Realities of capital doom 'Made in USA'


By Ding Gang

When I went to New York recently, I met two friends working at Wall Street. I found they were both happy and worried, happy for their expected bonuses this year and worried about US economic prospects.

Wall Street is starting to make money again, which should be a good thing for the US. But my friends believe that in the context of the whole US economy, it’s not the time for Wall Street to be rolling in profits. If it does, it’s making money through financial games, not through investing in labor – and, in particular, in US manufacturing.

According to my friends, many banks have obtained government money, but they invest the money in the stock market or even deposit cash at the Federal Reserve, rather than providing loans to enterprises and helping them expand production. Federal Reserve data shows that in the first half of this year, the total cash deposit of banks at the Fed has reached $1 trillion.

The US government has invested a lot of money to stimulate economy, but a clear sign of US economic recovery should be that companies begin to make money, expand their business and recruit more staff. If there is no significant improvement in these aspects, the government’s stimulus policy has not really promoted enterprise development and the money is probably still in the hands of Wall Street financial predators. This is why my friends are worried about the future prospects of the US economy.

Like the banks, the US companies are not lacking cash. According to Federal Reserve statistics, the S & P 500 companies jointly hold $1.8 trillion in the first half of this year, far more than they need.

This data can only show that US companies do not intend to respond to Obama’s call for domestic investment and production expansion in order to promote employment. They are waiting while looking for better investment opportunities that may not come from the US.

It’s precisely because some US banks and enterprises haven’t taken action that the unemployment rate continues to rise. In November, the US unemployment rate remained at 9.6 percent for the fourth consecutive month, which is also the 16th consecutive month of it remaining at 9.5 percent, the longest period since records began. The most severe economic recession since the 1930s has caused 8.4 million people to lose their jobs.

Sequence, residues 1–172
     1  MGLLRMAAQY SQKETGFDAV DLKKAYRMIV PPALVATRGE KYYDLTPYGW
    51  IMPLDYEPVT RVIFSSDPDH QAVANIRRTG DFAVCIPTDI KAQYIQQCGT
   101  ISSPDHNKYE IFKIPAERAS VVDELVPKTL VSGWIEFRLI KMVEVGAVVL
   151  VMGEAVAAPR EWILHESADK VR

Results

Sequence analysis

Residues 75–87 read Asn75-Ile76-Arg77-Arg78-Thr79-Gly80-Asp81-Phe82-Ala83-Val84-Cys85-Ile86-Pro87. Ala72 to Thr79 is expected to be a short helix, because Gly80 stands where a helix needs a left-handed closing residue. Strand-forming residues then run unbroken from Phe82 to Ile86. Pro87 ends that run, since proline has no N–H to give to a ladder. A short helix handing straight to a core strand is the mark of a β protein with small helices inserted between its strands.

American capitalists of course love the country, but capital doesn’t always love the country and it loves profits. Capitalists are eventually dominated by capital, otherwise there will be no capitalists. This is the biggest reality of capitalist politics with no exception.

Therefore, I am afraid it is not realistic to expect that the US investors will follow the requirements of Obama’s administration and draw back the capital invested in China or other emerging economies to set up factories in the US.

In fact, the Obama’s administration’s determination to improve the US manufacturing sector has  natural anti-globalization tendencies, because the capital will always flow to the places with low labor costs, high level of research and development, rich human resources and large market. This is the reality the US economy is facing today. Globalization, driven by US capitalists, ultimately forces the US to taste the bitter results.

Will US manufacturing make a comeback? Yes. But not now, nor can it be realized by one or two US government stimulus packages. Perhaps there are only two ways, either lower the price level of labor, that is, reduce wages and benefits, or patiently wait until the labor price levels in China and other emerging economies rise to a certain level.

Both ways are painful, but they reflect the inevitable aftermath of the formation of a global market.

The author is a senior editor with People’s Daily. dinggang@globaltimes.com.cn

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